Cannes Film Festival to go ahead, despite concerns over coronavirus outbreak

Workers install the red carpet in front of the main entrance of the Festival Palace before the opening ceremony.

Workers install the red carpet in front of the main entrance of the Festival Palace before the opening ceremony.   | Photo Credit: STEPHANE MAHE

Hardly any probability of gathering of over 5,000 at same time in one location for screenings

With the French Health Minister extending the ban on gatherings of more than 5,000 people in confined spaces to May 31, fresh concerns arose on Thursday over the novel coronavirus outbreak affecting the 73rd edition of Cannes Film Festival, scheduled to be held from May 12 to 23.

Putting speculations to rest, a spokesperson of the festival told The Hindu on a long distance call, “As of today, there is nothing to indicate that it [the festival] will not go ahead as planned. Everything is going on as normal right now in the office in Paris.”

While the organisers are committed to follow the Minister’s “specific instructions”, the rules don’t seem come in the way of the festival. Two of the biggest auditoriums at the venue — Palais des Festivals et des Congres — are Lumiere and Debussy, with a capacity of 2,309 and 1,068 respectively. So there is hardly any probability of a gathering of more than 5,000 people at the same time in one location for the festival screenings. Cannes Film Market, however, may have to be more closely monitored.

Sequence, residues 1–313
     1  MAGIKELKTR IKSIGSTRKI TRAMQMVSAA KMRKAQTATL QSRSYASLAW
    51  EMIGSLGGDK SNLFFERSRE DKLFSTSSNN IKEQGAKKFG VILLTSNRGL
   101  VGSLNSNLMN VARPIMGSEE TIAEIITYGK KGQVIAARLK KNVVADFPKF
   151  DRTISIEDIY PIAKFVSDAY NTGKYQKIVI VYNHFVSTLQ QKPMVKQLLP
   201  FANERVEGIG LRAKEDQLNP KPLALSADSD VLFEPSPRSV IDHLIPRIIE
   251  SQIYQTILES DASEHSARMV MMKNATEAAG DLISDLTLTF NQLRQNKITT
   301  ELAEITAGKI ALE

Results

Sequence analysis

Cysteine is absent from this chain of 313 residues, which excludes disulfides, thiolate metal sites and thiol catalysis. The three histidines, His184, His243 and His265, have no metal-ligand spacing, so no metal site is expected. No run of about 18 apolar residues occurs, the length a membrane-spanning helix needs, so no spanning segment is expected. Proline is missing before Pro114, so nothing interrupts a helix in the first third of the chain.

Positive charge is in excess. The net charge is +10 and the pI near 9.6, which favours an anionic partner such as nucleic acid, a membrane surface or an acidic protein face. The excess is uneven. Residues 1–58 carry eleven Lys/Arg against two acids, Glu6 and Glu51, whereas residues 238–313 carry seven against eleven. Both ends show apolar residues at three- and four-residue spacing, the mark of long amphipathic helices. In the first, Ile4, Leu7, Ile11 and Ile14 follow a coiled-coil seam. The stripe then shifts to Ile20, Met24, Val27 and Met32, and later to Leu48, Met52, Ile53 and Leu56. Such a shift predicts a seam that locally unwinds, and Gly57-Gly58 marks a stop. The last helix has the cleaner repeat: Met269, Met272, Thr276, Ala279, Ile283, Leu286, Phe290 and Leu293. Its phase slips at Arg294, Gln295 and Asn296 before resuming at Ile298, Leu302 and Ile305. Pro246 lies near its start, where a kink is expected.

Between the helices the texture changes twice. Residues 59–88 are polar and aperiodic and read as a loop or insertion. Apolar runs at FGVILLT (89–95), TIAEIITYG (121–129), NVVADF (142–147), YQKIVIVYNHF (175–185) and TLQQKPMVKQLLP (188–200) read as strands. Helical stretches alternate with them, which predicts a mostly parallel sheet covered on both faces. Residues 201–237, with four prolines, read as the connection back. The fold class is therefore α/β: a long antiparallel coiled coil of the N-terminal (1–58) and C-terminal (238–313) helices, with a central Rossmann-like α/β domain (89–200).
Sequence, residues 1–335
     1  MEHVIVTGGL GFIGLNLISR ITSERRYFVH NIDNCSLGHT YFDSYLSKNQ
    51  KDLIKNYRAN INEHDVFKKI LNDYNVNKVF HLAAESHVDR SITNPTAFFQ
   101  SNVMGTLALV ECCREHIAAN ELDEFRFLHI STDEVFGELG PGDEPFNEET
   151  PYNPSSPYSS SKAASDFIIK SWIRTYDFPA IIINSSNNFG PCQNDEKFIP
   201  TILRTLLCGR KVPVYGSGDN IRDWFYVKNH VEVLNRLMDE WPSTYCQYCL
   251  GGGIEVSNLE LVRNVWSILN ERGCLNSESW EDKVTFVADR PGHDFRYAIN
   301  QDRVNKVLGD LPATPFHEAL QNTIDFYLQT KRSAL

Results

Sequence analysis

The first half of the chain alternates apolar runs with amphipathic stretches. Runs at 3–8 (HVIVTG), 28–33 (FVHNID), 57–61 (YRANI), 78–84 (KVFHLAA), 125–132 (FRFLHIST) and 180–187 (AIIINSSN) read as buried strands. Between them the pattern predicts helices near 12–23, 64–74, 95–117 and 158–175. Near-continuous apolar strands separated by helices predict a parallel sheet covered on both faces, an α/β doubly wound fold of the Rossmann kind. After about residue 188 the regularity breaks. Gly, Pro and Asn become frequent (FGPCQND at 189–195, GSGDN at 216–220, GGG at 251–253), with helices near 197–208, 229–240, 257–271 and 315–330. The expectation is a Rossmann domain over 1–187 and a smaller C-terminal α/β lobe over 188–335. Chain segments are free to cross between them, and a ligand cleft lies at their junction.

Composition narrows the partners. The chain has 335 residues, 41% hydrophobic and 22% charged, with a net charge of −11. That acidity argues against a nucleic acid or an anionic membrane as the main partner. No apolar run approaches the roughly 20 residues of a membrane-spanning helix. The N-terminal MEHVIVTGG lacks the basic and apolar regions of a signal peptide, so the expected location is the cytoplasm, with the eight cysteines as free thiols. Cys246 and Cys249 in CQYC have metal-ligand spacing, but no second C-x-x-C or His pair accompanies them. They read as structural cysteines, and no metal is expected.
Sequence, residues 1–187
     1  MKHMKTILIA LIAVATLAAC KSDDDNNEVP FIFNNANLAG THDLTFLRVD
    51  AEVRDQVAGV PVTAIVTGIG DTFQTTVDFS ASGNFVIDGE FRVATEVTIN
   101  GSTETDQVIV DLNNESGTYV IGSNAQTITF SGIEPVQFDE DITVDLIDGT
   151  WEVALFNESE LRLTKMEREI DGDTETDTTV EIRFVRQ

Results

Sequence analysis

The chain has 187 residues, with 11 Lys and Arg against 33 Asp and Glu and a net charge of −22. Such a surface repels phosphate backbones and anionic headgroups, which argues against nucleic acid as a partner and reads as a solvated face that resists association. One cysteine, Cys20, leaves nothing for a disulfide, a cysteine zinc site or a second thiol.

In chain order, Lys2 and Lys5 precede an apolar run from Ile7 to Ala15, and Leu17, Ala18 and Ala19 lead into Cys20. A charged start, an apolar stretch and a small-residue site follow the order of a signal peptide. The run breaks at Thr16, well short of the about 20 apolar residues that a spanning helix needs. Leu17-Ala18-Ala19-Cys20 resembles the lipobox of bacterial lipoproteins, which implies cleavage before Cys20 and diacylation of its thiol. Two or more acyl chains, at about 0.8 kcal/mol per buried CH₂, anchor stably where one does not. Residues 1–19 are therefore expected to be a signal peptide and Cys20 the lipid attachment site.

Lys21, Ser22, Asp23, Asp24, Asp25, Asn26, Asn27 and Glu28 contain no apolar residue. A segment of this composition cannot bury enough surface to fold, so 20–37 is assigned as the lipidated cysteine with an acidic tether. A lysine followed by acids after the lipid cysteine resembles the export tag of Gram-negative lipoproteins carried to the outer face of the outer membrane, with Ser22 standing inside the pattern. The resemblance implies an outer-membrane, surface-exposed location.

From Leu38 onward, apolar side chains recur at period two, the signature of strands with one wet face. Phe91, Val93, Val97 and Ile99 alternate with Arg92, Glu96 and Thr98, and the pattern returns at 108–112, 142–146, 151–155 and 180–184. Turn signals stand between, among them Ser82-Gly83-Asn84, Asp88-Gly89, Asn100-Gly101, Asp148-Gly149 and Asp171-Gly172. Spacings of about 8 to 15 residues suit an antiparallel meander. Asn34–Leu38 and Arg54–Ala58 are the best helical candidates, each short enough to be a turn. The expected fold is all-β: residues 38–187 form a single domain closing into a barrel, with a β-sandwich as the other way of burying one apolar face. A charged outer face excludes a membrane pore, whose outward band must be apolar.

Regarding fears that attendance of film personalities, media and cinephiles may dwindle this year, the spokesperson said: “We will discover in the next few weeks. It’s hard to tell how the situation evolves.” As of now, the festival is committed to announce the official selection mid April; April 16 in all likelihood.

The one time Cannes was brought to a halt in recent history, midway at that, was in 1968, when several filmmakers — including Jean-Luc Godard,

François Truffaut and Claude Lelouch — showed solidarity with striking students and workers resisting Charles de Gaulle’s government. Some like Alain Resnais withdrew their movies, while others like Roman Polanski, Monica Vitti and Louis Malle resigned from the jury.

A letter from the Editor

Dear reader,

We have been keeping you up-to-date with information on the developments in India and the world that have a bearing on our health and wellbeing, our lives and livelihoods, during these difficult times. To enable wide dissemination of news that is in public interest, we have increased the number of articles that can be read free, and extended free trial periods. However, we have a request for those who can afford to subscribe: please do. As we fight disinformation and misinformation, and keep apace with the happenings, we need to commit greater resources to news gathering operations. We promise to deliver quality journalism that stays away from vested interest and political propaganda.

Support Quality Journalism
Recommended for you
This article is closed for comments.
Please Email the Editor

Printable version | May 26, 2020 7:38:03 PM |

Next Story